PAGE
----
12.03.2013, Brussels: The European Federation of Pharmaceutical Industries and Associations (EFPIA) welcomes today’s announcement of a new initiative from INTERPOL to fight the growing threat of fake medicines. The joint venture between INTERPOL and 29 major global pharmaceutical companies aims to protect the health of patients around the world by ensuring their access to safe and effective medicines.
The public and private sectors have joined together to launch the Pharmaceutical Industry Initiative to Combat Crime (PIICC) as an extension of the work done by INTERPOL’s Medical Product Counterfeiting and Pharmaceutical Crime Unit (MPCPC). Costing EUR 4.5 million over a three-year period, the new programme is being funded largely by major players in the global biopharmaceutical industry.
PIICC will combat the counterfeiting of both generic and branded drugs, by targeting the organised crime networks behind this illegal activity. Activity will focus on supporting investigative work into pharmaceutical crime, and intensifying enforcement operations, capacity building, and collaborations to raise awareness of pharmaceutical crimes and counterfeit medicines.
EFPIA sees this initiative as a strong step towards protecting patients from the dangers of counterfeit medicines. As a growing threat on a global level, counterfeits threaten the wellbeing of millions of people and create millions in illicit profits every year.
The surge of illicit online pharmacies has contributed to the increasing risk of counterfeit medicines and is one area of focus for the INTERPOL initiative. Estimates from the World Health Organisation (WHO) indicate that medicines purchased from illicit internet websites concealing their physical address have been identified as counterfeit in more than 50 percent of cases.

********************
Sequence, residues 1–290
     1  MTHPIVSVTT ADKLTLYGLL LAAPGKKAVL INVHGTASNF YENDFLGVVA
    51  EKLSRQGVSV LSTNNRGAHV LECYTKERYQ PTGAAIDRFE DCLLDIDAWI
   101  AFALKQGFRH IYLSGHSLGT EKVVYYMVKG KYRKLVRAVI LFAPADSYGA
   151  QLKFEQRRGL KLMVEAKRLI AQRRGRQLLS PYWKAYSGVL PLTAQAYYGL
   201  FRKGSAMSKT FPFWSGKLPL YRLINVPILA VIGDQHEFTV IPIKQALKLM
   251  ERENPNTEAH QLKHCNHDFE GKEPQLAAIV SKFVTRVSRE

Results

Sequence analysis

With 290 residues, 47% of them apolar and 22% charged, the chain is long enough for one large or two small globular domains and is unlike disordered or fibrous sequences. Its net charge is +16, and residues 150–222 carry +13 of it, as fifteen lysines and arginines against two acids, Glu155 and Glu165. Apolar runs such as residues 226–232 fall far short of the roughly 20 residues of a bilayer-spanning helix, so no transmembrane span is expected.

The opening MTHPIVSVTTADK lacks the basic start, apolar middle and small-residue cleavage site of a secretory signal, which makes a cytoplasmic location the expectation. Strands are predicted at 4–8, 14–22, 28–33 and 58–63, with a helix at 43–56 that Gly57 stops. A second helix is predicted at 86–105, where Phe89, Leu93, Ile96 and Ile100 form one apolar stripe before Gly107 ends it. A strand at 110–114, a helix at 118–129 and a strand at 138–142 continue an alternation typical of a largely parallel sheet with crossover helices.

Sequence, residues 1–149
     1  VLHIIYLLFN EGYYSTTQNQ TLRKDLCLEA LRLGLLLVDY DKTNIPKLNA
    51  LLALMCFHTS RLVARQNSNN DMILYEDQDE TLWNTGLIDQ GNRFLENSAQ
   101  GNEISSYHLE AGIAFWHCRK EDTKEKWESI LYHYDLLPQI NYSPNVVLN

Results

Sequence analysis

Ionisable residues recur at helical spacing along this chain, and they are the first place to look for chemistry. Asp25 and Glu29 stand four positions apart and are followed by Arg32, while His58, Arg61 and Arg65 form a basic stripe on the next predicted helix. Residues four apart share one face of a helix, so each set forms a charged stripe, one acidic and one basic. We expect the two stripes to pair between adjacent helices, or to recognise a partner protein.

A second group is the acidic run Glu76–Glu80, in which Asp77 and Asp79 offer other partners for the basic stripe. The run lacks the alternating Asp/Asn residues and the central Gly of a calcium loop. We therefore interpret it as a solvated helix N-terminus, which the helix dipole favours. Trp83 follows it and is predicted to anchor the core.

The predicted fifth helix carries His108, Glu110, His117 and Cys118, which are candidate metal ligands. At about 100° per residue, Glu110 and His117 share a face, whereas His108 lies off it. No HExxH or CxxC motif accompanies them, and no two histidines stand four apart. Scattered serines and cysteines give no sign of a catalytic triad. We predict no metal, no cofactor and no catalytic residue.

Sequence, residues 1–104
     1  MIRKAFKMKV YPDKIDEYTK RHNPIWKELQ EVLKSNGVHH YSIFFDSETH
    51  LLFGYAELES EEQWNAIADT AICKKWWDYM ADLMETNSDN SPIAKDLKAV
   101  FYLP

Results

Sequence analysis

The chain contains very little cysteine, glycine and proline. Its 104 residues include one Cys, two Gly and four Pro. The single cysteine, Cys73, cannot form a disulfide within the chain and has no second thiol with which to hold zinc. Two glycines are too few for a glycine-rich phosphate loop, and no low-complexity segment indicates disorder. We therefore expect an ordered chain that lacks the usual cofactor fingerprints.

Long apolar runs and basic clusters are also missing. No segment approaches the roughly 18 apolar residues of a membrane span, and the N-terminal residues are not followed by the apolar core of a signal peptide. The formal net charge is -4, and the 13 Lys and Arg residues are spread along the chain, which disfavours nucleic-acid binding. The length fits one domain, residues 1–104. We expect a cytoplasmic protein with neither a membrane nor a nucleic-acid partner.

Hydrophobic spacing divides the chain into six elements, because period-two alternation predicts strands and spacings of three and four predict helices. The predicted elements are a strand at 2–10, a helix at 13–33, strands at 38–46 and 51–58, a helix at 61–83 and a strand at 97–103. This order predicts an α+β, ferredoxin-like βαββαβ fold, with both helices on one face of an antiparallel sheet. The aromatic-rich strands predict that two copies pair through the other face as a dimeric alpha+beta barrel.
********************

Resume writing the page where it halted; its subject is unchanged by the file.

At EU level, EFPIA is working to protect the EU market from falsified medicines through the European Stakeholder Model (ESM). This serialisation project is being developed in conjunction with the EAEPC (the European Licensed Parallel Distribution Industry), GIRP (Groupement International de la Répartition Pharmaceutique) and PGEU (Pharmaceutical Group of the European Union), respectively representing parallel distributors, wholesalers and pharmacists in the EU. ESM meets the requirements of the Falsified Medicines Directive (FMD) and offers a technological solution using 2D barcoding to verify the authenticity of medical products.
The threat of counterfeit medicines is not restricted to the EU or confined by any national borders: It is a global problem requiring a global approach. EFPIA supports the new venture between INTERPOL and international pharmaceutical companies as a step towards winning this battle.
EFPIA represents the pharmaceutical industry operating in Europe. Through its direct membership of 33 national associations and 39 leading pharmaceutical companies, EFPIA provides the voice of 1,900 companies committed to researching, developing and bringing new medicines to improve health and quality of life around the world. The pharmaceutical industry invests 27.5 billion on research and development per year in Europe and directly employs 660,000 people including 116,000 in R&D units in Europe.
EFPIA members are committed to delivering innovative medicines to address unmet needs of patients and reducing the burden of chronic diseases for Europe’s ageing population. EFPIA believes in close cooperation with its stakeholders to help create sustainable healthcare systems and to develop prompt responses to health threats in Europe.
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